Posted by Vale
Wikipedia – that glorious monument to collaboration and, sometimes, hearsay – has some marvellously strange pages.
One of my favourites is the Mellified man. This is claimed to be an ancient process of preserving bodies through use of honey.Li, a Chinese pharmacologist reports that,
“some elderly men in Arabia, nearing the end of their lives, would submit themselves to a process of mummification in honey to create a healing confection. This process differed from a simple body donation because of the aspect of self-sacrifice; the mellification process would ideally start before death. The donor would stop eating any food other than honey, going as far as to bathe in the substance. Shortly, his feces (and even his sweat, according to legend) would consist of honey. When this diet finally proved fatal, the donor’s body would be placed in a stone coffin filled with honey. After a century or so, the contents would have turned into a sort of confection reputedly capable of healing broken limbs and other ailments. This confection would then be carefully sold in street markets as a hard to find item with a hefty price.”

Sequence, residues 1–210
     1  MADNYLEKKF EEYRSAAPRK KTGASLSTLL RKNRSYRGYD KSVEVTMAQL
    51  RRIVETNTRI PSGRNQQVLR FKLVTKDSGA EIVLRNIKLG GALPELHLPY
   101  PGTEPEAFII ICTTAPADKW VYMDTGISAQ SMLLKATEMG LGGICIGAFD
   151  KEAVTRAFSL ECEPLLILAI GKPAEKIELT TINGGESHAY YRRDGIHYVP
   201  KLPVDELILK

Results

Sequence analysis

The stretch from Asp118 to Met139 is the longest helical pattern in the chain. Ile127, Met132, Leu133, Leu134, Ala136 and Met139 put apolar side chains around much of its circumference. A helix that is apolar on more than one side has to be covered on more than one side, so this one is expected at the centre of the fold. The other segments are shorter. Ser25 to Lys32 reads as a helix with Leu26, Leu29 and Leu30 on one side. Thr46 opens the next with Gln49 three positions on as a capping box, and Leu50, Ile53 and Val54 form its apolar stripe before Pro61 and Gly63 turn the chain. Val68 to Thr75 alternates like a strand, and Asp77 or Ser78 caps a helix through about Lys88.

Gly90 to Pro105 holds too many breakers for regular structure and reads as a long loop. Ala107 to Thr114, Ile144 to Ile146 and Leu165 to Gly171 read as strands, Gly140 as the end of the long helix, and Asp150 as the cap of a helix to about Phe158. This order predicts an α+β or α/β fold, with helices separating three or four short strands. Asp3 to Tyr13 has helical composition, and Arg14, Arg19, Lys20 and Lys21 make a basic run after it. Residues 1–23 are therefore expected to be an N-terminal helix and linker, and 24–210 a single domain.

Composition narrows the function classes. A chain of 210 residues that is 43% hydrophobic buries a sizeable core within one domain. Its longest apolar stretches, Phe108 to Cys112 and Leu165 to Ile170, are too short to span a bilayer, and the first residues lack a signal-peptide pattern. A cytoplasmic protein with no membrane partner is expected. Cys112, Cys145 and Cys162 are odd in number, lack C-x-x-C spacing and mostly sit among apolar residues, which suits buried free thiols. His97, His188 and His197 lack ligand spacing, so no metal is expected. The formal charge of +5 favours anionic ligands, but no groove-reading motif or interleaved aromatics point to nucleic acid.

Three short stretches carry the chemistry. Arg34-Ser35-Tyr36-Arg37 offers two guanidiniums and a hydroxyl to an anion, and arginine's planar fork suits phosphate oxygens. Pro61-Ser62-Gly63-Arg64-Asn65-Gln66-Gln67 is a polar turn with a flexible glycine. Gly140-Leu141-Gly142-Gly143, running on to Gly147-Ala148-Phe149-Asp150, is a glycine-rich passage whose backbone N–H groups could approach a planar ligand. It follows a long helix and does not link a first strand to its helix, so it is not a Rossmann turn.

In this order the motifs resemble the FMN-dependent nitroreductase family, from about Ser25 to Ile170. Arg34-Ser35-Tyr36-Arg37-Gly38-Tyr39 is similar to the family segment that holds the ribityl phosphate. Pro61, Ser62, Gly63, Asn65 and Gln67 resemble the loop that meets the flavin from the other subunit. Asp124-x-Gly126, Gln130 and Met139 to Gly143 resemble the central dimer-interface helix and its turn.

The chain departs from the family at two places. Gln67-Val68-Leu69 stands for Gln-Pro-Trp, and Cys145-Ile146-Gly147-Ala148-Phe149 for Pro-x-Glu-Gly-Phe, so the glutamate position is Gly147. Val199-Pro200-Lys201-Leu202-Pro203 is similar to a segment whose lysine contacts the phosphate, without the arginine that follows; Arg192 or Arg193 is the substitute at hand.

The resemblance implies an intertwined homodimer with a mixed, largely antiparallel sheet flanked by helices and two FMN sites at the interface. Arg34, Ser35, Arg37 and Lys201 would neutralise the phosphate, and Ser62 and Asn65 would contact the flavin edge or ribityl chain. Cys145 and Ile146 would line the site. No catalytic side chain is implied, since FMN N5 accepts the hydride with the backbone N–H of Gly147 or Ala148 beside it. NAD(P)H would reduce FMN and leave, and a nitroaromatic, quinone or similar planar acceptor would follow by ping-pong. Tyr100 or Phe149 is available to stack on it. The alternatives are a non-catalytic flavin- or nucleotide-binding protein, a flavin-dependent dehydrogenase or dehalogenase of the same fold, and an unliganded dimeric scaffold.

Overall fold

Who knows, in this age of innovation in the disposal of dead bodies, (and a cash strapped NHS) it might catch on again.
It’s clear though, from other articles, that we have become a good deal less imaginative about death and dying. There’s another page that simply lists unusual deaths.
It’s worth a look for the sheer variety of deaths listed. There’s more roasting than you might imagine including being roasted alive in brazen bulls. A disturbing image, I would have thought, for stock marketeers in these troubled times. Then there’s the politician Draco who, in 620 BC, was smothered to death by gifts of cloaks showered upon him by appreciative citizens. There’s got to be a metaphor there for the risks all politicians face if they of accept too many gifts.
My favourite though is the Stoic philosopher, Chryssipus, who died of laughter after giving his donkey wine then seeing it attempt to eat figs.
They really knew how to live – and die – in those days.